In many respects issues or challenges related to the implementation or incorporation of mobile learning in any organization are similar to those for eLearning. To what degree you can implement any significant change like this I believe depends on the following three items: organizational culture, professional development and support and the availability of the resource…in this case mobile devices in general.
I work for a large urban K-12 school division and in many respects the division has put in place the fundamental pieces that pave the way for mobile and eLearning. The infrastructure has been updated to provide more than adequate bandwidth, all teachers have been provided with a laptop to support professional learning and technology integration and all schools have complete and robust wireless access. Schools are provided laptops for student use based on a formula that addresses the number of students and programs in the school and no direct policies in the division prevent the use of web-based software or services. The only guideline with respect to the provision of hardware or the provision of software states that schools can not purchase computers or printers of any type but does allow for the purchase of mobile devices like iPads and iPods. So…it would seem on the surface that the adoption and implementation of mLearning would be a next logical step.
eLearning and mLearning require a new way of thinking on the part of teachers. Pedagogy has to change, assessment has to change, roles have to change. Education has and still does resist the changes that would be required to make mLearning real for students. It is the very culture of schools and of teaching that resists change. Cultural change, those things that impact on how we view students, their potential to learn, how they might learn and how teachers create learning opportunities is a much more difficult change to make and is what ultimately leads to significant school improvement (Leithwood, et al, 2006). mLearning could speak to how teachers create learning opportunities and help make learning relevant for students.
The digital age has created a new relationship between teachers and learners. Research conducted by the London School of Economics found that children are typically the Internet experts in the family, and described this situation as a “lasting reversal of the generation gap” (Smithers 2003, p. 1). This reflects the challenges facing education and training providers who are steeped in traditional delivery styles when confronted with digitally literate students, where, rather than simply receiving and memorizing the wisdom of their elders, which has been the tradition for millennia, students are now demanding training that meets their specific information needs. (Ally, 2011)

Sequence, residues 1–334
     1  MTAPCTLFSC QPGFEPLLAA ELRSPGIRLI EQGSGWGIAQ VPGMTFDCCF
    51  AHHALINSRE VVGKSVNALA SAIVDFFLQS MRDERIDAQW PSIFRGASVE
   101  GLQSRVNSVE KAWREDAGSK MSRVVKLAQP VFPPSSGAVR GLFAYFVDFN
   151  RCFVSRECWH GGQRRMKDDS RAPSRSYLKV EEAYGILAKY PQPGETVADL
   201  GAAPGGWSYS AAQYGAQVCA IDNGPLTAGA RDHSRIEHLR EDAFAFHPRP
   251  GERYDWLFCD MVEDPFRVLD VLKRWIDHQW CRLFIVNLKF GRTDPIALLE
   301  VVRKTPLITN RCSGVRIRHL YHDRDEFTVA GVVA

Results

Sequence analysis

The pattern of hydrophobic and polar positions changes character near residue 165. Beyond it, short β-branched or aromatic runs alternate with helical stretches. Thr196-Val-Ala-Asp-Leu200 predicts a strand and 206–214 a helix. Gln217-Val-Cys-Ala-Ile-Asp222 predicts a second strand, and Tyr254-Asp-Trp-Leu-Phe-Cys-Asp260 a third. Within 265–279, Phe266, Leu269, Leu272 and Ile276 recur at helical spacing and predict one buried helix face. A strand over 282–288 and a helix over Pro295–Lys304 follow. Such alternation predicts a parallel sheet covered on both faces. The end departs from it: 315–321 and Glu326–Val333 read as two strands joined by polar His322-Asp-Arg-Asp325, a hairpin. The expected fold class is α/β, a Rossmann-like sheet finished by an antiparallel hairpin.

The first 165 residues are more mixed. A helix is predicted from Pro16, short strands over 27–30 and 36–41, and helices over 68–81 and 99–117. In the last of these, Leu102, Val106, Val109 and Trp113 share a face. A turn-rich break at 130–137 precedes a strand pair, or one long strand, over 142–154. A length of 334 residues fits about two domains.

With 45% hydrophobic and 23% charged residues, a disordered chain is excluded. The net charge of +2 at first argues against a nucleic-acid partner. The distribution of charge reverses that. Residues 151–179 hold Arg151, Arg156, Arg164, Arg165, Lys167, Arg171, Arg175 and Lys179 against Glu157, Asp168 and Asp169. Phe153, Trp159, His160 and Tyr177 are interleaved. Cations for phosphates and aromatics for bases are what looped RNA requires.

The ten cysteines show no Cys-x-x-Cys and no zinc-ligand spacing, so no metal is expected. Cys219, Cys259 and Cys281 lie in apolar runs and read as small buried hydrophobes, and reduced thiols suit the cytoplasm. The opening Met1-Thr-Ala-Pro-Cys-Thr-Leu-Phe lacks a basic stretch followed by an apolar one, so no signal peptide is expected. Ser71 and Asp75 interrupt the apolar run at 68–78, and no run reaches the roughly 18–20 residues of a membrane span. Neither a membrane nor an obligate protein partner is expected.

Professional Development and Support
Over the past few years, and as part of school reform movements generally, there has been a narrowing of focus to key areas of learning…usually described as Literacy and Numeracy. Available professional development time, money for key resources and the hiring of additional personnel has been focused on these areas. This has left a void in the other areas. For those teachers that have not fully embraced technology mLearning would require a high level of professional development and specific technological and pedagogical support to make it real. A fundamental shift to personal learning networks and personal learning environments would help but this requires cultural shifts as well. Teachers need to see the value, need to see the technology, in this case mobile devices in particular, in use in a real way before they will commit to the changes they must make to incorporate mLearning.
Availability of Resource
Mobile learning requires a learning appliance. School divisions still look generally to providing a set number of devices [usually desktops or laptops] for student access at school. While this serves the IT purpose of simplifying allocations, management and renewal it does little to serve the need for ubiquity and the ubiquitous availability of any resource is key (Boss, Krauss 2007). mLearnign will require the “provision” of an assortment of devices that students have access to at all times and that allows them to pick the most appropriate device for the task. Allowing for personal device use in schools, looking differently at how additional devices can be made available and providing for 24/7 access to learning content and services is required…particularly to address issues of equity. In many cases direct policies that prevent personal devices and close off learning resources [networks, subscription content, etc.] place constraints on mLearning from the start.
None of these issues is insurmountable. But just like the cultural change that teachers are expected to make, policy makers, legislatures and administrators need to “think differently” as well in order to finally realize the potential of technology in learning.
Ally, M. Dr. (2009). Mobile Learning. Transforming the Delivery of Education and Training, AU Press, Issues in Distance Education Series.
Boss, S., Krauss, J. (2007). Reinventing Project Based Leearning: Your Field Guide to Real-World Projects int he Digital World, Washington, D.C., ISTE
Leithwood, K., McAdie, P., Bascia, N., & Rodrigue, R. (2006). Teaching for deep understanding: What every educator should know. Thousand Oaks, CA: Corwin Press.